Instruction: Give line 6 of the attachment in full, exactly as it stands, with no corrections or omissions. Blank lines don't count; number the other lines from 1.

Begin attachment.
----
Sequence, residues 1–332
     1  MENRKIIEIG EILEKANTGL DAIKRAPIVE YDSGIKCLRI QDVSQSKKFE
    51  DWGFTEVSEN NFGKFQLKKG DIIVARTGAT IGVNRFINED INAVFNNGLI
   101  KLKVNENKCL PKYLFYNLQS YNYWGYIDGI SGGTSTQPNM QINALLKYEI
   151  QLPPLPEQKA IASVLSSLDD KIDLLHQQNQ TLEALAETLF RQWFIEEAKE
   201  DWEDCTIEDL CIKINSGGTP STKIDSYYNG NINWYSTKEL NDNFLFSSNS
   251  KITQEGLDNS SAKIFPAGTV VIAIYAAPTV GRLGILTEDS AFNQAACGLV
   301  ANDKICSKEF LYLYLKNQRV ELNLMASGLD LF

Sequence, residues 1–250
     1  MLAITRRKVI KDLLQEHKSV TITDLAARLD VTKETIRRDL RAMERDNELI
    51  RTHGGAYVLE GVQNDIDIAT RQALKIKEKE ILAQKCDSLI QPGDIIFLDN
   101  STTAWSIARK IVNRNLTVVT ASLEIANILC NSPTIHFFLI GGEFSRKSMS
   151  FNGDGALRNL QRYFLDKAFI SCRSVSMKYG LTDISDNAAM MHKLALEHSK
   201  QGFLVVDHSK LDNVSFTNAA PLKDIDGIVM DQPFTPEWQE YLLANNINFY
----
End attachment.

   201  DWEDCTIEDL CIKINSGGTP STKIDSYYNG NINWYSTKEL NDNFLFSSNS